Black History Moment: The Enforcement Acts (“KKK Acts”) of 1870-71

by Feb 7, 2020Blog0 comments

Since the 150th anniversary of the ratification of the 15th Amendment, we took a brief moment to explore a couple of examples of factors led to its passage and ratification.  To jog your memory, the 15th Amendment granted universal suffrage to all men, regardless of race/skin color/previous condition of servitude.  It also authorized Congress the power to pass appropriate legislation to enforce the 15th Amendment.  That being said, today’s black history moment is a factoid on Congress’ first attempts to enforce the 15th Amendment.
Key Highlights: The Enforcement Acts of 1870-71
* Composed of three separate laws that the U.S. Congress passed between 1870 and 1871, for the purpose of preventing attacks on the voting rights of African Americans from state officials
* Also known as the “KKK Acts” for preventing similar attacks against African Americans by violent extralegal groups like the Ku Klux Klan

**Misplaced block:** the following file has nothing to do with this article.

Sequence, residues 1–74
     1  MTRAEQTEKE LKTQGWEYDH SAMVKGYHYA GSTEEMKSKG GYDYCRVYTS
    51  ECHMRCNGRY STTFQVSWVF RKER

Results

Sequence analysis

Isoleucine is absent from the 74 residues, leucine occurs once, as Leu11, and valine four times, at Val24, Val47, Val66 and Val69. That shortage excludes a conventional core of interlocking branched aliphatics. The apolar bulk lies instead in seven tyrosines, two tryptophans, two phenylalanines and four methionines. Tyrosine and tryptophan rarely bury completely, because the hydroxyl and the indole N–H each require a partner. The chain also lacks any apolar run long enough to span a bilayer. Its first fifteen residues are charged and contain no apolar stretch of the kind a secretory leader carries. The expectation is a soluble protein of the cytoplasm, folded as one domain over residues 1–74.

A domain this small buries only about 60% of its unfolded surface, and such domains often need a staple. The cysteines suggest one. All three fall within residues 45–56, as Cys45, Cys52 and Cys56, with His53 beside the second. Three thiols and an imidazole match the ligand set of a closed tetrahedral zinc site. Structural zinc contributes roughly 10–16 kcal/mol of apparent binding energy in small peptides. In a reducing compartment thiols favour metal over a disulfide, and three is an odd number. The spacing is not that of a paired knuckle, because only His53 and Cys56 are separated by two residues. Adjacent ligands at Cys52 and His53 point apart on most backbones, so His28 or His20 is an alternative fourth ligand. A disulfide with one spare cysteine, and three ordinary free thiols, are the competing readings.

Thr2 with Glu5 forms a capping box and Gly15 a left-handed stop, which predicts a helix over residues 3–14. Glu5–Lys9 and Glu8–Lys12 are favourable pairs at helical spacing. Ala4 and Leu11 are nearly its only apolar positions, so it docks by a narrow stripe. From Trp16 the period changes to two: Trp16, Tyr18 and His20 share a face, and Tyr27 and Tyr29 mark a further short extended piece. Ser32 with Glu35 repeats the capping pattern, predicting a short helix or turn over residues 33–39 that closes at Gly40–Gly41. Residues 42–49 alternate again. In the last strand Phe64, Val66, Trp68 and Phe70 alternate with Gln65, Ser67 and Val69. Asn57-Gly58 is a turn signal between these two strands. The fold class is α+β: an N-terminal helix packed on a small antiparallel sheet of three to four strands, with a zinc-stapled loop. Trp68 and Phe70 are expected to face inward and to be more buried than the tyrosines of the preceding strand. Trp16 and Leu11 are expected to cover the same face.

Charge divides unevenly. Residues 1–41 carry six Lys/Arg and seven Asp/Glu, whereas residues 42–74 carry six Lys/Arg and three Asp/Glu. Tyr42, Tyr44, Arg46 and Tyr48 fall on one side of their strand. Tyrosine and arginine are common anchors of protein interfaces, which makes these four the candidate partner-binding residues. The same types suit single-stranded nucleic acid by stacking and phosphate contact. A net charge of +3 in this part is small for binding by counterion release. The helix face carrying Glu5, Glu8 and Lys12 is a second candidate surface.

* Essentially, the Acts protected African Americans’ right to vote, hold public office, and serve on juries; by allowing Federal military and/or civilian authorities to intervene​ if state governments failed to act
BHM Action Item: Visit and bookmark or now and register to vote, or to confirm your voter registration status.  Tell your friends/loved ones to do the same!
In closing, visit the below sites and/or your local library to learn more about The Enforcement Acts/KKK Acts of 1870-71:
US Senate: Landmark Legislation – The Enforcement Acts of 1870 and 1871
US House of Representatives: The Ku Klux Klan Act of 1871
Federal Judicial Center – The Civil Rights Act of 1870